Mental illness can affect young adults, and even children. But with the proper diagnosis and treatment, young people can go on to lead healthy, productive lives.
Here are some quick statistics to consider:
• Four million children and adolescents in this country suffer from a serious mental disorder that causes significant functional impairments at home, at school and with peers.
• Of children ages 9 to 17, 21 percent have a diagnosable mental or addictive disorder that causes at least minimal impairment.
• Half of all lifetime cases of mental disorders begin by age 14. Despite effective treatments, there are long delays, sometimes decades, between the first onset of symptoms and when people seek and receive treatment. An untreated mental disorder can lead to a more severe, more difficult to treat illness and to the development of co-occurring mental illnesses.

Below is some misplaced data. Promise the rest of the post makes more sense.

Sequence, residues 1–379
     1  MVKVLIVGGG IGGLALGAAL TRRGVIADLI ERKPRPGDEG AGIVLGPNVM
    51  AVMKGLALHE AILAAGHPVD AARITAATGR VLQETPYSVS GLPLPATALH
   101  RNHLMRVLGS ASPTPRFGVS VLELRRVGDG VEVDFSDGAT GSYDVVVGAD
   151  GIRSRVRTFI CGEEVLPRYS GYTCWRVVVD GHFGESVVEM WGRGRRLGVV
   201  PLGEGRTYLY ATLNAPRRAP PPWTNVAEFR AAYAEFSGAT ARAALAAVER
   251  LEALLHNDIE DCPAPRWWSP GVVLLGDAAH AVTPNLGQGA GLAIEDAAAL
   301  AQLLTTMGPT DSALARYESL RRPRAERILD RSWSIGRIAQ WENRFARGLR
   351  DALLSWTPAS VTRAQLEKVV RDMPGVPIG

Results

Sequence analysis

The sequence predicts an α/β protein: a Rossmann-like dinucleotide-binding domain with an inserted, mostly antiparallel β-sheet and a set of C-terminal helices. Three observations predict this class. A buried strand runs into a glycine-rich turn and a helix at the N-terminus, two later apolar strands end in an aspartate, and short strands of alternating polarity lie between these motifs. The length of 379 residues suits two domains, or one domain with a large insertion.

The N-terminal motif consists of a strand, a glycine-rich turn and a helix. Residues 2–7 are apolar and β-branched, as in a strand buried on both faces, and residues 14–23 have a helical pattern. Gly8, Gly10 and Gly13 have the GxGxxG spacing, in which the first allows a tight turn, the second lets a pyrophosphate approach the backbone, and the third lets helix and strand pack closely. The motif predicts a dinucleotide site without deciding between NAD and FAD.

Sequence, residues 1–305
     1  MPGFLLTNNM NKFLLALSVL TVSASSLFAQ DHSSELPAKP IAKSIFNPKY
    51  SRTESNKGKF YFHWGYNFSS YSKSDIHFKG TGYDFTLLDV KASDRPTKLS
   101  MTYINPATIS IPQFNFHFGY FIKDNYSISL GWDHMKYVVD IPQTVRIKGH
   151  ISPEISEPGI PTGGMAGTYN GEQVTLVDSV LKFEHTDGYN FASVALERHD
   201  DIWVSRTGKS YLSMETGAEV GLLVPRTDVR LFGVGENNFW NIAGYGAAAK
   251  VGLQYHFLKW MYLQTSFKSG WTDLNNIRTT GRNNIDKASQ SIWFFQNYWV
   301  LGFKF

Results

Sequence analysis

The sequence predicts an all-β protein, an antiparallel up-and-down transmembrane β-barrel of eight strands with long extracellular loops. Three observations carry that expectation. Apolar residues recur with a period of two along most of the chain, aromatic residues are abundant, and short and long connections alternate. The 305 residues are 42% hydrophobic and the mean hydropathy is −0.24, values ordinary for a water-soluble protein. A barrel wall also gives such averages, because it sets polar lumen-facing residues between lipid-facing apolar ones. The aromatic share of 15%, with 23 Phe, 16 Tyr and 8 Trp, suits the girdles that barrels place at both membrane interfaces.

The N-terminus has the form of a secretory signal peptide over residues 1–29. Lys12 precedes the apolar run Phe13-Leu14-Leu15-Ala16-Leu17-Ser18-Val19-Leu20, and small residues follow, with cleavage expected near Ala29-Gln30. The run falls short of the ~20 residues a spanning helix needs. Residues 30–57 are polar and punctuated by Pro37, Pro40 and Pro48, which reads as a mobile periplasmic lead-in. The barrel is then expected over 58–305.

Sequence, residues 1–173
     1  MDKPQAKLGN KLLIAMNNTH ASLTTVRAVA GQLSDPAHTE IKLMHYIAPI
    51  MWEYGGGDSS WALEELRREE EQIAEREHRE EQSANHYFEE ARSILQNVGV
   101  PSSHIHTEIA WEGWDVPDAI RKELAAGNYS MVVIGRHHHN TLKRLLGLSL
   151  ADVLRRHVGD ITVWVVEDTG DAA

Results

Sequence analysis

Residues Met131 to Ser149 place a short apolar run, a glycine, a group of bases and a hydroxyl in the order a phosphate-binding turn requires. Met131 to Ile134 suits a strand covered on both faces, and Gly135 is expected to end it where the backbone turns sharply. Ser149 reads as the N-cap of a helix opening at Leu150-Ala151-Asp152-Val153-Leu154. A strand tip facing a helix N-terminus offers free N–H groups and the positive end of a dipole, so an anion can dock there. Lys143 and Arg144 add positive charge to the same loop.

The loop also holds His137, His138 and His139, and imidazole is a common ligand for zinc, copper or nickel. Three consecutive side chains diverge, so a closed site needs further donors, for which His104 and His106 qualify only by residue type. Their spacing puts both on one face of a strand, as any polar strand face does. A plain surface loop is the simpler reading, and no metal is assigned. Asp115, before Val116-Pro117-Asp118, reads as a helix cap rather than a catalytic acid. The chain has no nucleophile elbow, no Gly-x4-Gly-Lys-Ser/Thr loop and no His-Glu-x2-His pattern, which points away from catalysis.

• In any given year, only 20 percent of children with mental disorders are identified and receive mental health services.
• Suicide is the third leading cause of death in youth ages 15 to 24. More teenagers and young adults die from suicide than from cancer, heart disease, AIDS, birth defects, stroke, pneumonia, influenza and chronic lung disease combined.
• Approximately 50 percent of students age 14 and older who are living with a mental illness drop out of high school. This is the highest dropout rate of any disability group.
• Left untreated, childhood disorders are likely to persist and lead to a downward spiral of school failure, limited or lack of employment opportunities, and poverty in adulthood. No other illnesses harm so many children so seriously.
• Early and effective mental health treatment can prevent a significant proportion of delinquent and violent youth from future violence and crime. It also enables children and adolescents to succeed in school, to develop socially and to fully experience the developmental opportunities of childhood.
The Child and Family Institute at St. Luke’s and Roosevelt Hospitals treats children and adolescents ages 0 to 18. For more information visit www.childfamilyinstituteny.org.
If your or your loved one is experiencing suicidal thoughts, go to the nearest emergency room or call 800.273.TALK (8255).